Because matcha is ground into a fine powder, you are consuming the entire leaf versus the liquid that remains after steeping a tea bag in hot water. Consuming the actual leaves means you are consuming all of the amazing goodness along with it.

Health benefits of matcha

  • Fights infection, protects against disease. Antioxidants…those lovely little chemical compounds the Western world cannot get enough of. And rightfully so. With their anti-aging and disease-preventing properties, they keep you energized, healthy, and able to fight off infections and diseases. Catechin EGCg (epigallocatechin gallate), also found in matcha, have powerful cancer-fighting properties as well.
  • Creates a sense of calm and focus. You can thank this beloved amino acid, L-theanine, for this. As an avid coffee lover, it takes something pretty awesome to make me even consider ditching my morning (and afternoon) cup of joe for something green, and healthy. But, I have to say, the way I feel after drinking a delicious, iced green tea latte it better than any coffee caffeine high could ever be. With matcha you feel awake, not jittery, and alert. L-Theanine promotes a state of relaxation and well-being by inducing alpha waves. While stress can induce beta waves that leave you feeling excited and agitated, L-Theanine creates alpha waves, which lead to a state of relaxed alertness.
  • Detoxes and restores. Chlorophyll, also found in matcha, is the element that gives green tea and other plants their radiant green color. It is a powerful detoxifier, helping to eliminate both chemicals and heavy metals from the body. And because matcha is carefully shade-grown, it is substantially richer in chlorophyll than other green teas.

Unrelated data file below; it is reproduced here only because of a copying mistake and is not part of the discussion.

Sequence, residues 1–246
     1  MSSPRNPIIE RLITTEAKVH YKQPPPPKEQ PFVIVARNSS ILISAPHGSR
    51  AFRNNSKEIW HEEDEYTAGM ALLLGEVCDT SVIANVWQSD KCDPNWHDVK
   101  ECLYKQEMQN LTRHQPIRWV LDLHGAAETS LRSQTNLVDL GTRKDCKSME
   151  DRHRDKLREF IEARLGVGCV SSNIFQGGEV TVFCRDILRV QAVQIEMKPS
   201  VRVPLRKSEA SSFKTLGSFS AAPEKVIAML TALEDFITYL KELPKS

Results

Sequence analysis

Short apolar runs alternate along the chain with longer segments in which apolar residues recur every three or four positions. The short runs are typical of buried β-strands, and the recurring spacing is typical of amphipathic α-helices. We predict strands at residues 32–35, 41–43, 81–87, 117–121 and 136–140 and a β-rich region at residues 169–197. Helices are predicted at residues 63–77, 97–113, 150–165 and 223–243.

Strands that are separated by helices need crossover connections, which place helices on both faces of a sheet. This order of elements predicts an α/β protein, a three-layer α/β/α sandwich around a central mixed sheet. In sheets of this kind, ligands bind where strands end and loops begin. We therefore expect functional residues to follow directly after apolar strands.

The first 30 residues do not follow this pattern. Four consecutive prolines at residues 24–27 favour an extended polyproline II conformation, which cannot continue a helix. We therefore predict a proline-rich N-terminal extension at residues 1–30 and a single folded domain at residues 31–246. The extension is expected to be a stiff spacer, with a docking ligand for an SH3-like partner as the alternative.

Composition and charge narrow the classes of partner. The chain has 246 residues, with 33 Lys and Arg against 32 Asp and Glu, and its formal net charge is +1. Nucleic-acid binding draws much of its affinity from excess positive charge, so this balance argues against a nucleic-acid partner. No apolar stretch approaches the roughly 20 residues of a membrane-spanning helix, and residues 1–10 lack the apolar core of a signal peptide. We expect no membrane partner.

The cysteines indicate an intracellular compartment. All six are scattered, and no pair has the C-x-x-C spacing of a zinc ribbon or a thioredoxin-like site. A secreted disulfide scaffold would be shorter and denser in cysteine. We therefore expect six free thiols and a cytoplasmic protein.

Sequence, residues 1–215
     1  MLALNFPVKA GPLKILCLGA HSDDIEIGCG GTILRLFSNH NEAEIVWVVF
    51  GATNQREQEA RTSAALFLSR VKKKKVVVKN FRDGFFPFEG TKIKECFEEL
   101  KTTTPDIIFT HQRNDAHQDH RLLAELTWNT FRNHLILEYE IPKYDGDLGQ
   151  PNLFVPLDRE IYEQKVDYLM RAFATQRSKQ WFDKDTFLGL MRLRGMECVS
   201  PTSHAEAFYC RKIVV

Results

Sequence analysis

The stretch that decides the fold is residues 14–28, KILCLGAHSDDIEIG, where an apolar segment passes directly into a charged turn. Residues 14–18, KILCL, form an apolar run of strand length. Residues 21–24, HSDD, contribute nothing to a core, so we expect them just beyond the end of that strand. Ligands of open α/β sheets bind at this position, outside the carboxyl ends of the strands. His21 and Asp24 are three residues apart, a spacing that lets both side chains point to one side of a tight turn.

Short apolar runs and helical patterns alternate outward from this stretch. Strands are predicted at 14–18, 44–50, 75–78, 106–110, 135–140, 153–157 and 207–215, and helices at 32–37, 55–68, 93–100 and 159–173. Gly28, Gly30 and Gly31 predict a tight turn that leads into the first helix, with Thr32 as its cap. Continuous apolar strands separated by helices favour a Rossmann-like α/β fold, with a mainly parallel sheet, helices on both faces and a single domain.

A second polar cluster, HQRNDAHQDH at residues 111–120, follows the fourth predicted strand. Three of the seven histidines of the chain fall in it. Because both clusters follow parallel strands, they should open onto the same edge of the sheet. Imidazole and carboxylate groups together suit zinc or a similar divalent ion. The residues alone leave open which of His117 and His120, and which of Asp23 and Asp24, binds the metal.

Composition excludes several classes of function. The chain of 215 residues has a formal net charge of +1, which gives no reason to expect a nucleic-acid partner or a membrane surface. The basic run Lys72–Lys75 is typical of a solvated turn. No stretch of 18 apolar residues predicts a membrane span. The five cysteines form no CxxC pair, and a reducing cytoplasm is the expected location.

Here is a wonderful site I found during my matcha research. For more information about the benefits of this green superhero, preparation tips, etc. visit http://matchasource.com/

Ready to give matcha a try? Stop by your local Starbucks and order a Green Tea Latte. Their latte is different from their regular green tea because they use matcha that is slightly sweetened. You can try it hot or iced, with or without milk. If you opt for dairy free, ask for a venti iced green tea with a scoop or two of matcha!

Drink up and enjoy!

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8 Reasons Why You Should Try Acupuncture

With so many amazing benefits, it’s hard to narrow this list down. But if I had to, it would look a little something like this.

Here are 8 reasons why you should try acupuncture at least once!

It doesn’t hurt, it feels good.

Friends and family always ask me if acupuncture hurts. I am fairly certain this is one of the biggest barriers of entry and reasons why people don’t try it.  So, I am here to set the record straight. Acupuncture DOES NOT hurt. Unlike the hypodermic needles used in your doctor’s office that are hollow and designed to inject or extract substances, acupuncture needles are hair thin and solid. They simply push the skin aside versus cutting through the skin as hypodermic needles do. Therefore, needle insertion is virtually painless. Now, I say “virtually” because in my experience there have been specific locations that elicit a sensation when a needle is inserted and are more sensitive than others. Those spots are specific locations in the ear and the top of the foot. The sensation I have felt is not painful, but rather feels like a burst of energy. Personally, I have come to look forward to these insertion points now!

It really works.

I initially tried acupuncture for fertility, and guess what, I got pregnant! Postpartum, when my son turned one years old and I stopped breastfeeding, I asked my acupuncturist to help with menstruation as my period had not yet returned. Within two months of acupuncture, my period returned. Other areas of focus have ranged from managing my anxiety to sleeping better, and I have experienced wonderful benefits for everything I have wanted to improve. Acupuncture has been the single most powerful method I have discovered next to taking a daily medication for anxiety. I hope one day I can come off of it.